locked Re: Minutes for March 2, 2019 Meeting Posted
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I agree with Frank’s assessment of this issue for the most part. Ideally, it would be great to work with all the groups to some common direction, but there are some barriers. California make some interesting decisions, I’ve yet to find anyone down there that is ‘pleased’ with the way things came out on VHF.
Our terrain is significantly different than much of the WWARA coverage area, our user base is also often of a different mindset. Not that either user base is right or wrong, but they may not have the same interests or priorities. However, it seems very reasonable for us to be talking to each other about our thoughts and plans, particularly long term band plan changes that would require some planning and good marketing to deliver.
We wrestled with this years ago when Dstar came up. There was a substantial grant for a lot of digital equipment, and no VHF pairs in the metro area to place new repeaters on. I’ll never forget the push from the ARES section leader that they simply must have digital pairs made available for this equipment or ‘people were going to die’. The only workable solution we could agree on was that they could eliminate an analog repeater, and create a digital splinter frequency on each side of the former analog channel, occupy one with their digital repeater and the other splinter would be used elsewhere where it could fit. To date, I believe only one repeater changed in that manner to accommodate it, and as we found out the 6.25khz signal wasn’t that narrow all the way down. During that time when we posed the option of creating some digital pairs out of some lightly used packet and simplex area, the feedback from the membership and the ARES groups was brutal. To date my VHF Dstar repeater runs on an uncoordinated pair, as nothing is available for VHF coordination on a good sized hilltop.
Perhaps looking more long term at narrow banding would be an easy starting point to work between two or three groups.
Thanks for the dialog, I’m certain that working together even if we end up with different solutions is bound to be better than the alternatives.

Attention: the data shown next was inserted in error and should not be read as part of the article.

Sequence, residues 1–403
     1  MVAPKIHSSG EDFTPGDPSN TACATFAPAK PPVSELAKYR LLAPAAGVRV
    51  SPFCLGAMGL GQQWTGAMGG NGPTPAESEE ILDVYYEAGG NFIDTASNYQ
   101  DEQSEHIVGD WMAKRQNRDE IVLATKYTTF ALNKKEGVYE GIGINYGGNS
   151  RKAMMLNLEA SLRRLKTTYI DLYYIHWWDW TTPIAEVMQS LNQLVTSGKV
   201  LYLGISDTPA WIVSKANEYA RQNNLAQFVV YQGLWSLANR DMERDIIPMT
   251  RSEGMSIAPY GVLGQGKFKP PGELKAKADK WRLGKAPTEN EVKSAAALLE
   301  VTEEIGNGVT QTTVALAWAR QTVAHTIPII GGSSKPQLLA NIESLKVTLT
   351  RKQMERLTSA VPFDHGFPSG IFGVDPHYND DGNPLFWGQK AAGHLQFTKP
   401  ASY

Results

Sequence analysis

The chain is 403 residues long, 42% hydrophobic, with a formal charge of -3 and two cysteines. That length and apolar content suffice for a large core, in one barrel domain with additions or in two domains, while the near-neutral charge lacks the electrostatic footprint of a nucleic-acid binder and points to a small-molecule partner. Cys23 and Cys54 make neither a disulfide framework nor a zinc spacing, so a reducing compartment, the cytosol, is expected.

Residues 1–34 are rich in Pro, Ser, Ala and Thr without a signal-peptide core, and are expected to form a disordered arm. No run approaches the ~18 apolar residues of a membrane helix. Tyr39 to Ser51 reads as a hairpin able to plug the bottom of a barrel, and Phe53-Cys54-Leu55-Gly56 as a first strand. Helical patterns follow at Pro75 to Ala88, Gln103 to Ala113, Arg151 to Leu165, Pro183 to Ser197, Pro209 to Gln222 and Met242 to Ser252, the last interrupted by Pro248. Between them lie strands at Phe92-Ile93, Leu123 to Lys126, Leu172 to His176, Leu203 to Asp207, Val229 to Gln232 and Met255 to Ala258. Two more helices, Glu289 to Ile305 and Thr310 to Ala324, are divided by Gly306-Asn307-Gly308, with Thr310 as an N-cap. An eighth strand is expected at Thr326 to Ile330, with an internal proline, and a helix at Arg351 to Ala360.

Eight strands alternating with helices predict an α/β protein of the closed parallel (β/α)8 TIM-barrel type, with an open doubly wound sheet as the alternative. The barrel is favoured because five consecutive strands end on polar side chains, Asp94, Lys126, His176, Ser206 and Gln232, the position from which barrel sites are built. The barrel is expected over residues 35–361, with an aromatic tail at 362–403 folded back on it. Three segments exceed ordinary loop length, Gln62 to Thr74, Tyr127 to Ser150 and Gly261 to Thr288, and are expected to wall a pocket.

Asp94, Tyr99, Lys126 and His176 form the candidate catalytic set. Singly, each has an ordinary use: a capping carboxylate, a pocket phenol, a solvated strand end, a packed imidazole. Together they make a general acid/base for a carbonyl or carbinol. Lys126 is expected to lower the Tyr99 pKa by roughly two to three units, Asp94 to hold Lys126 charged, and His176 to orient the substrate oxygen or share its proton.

Chairman, ORRC, Inc.
From: firstname.lastname@example.org [mailto:email@example.com] On Behalf Of Frank Wolfe via Groups.Io
Sent: Tuesday, March 05, 2019 1:14 PM
Subject: Re: [wwara] Minutes for March 2, 2019 Meeting Posted
That is a nice idea, but in the past it has proven not so easy to realize. California is cut off from Oregon by mountains (and sparse population) along the border very effectively for VHF/UHF. In the past, California has danced to its own drummer, for example, using 15 kHz steps on 2-meters versus 20-kHz steps in the Pacific Northwest. If you want to try to lead such a discussion, you are welcome to try. I don't think you could get agreement between the various groups within California, just to start with.
With respect to V/UHF user communities, There are at least three in Washington State (Puget Sound, Eastern WA, and the southwestern corner of WA). Oregon is mostly divided by the Cascades as well, although the western region south of Eugene is also different from that north of that city, and the coast tends to march to a different drummer.
Each region has different needs and solutions. Any single solution that tried to satisfy the preferences and needs of all these regions would end up satisfying none of them. That was the driving force behind regional coordination organizations in the first place.
Channel bandwidth is driven by technology. Co-channel cooperation, and therefore the number of viable repeaters possible within a given area, is driven by users (population density, skills, habits and demands). This varies greatly between regions.
Please join the discussion, though.
On Tuesday, March 5, 2019, 11:00:04 AM PST, Randy Neals <randy@...> wrote:
Following this with interest...
On Tue, Mar 5, 2019 at 10:24 AM Kenny Richards <kenny@...> wrote: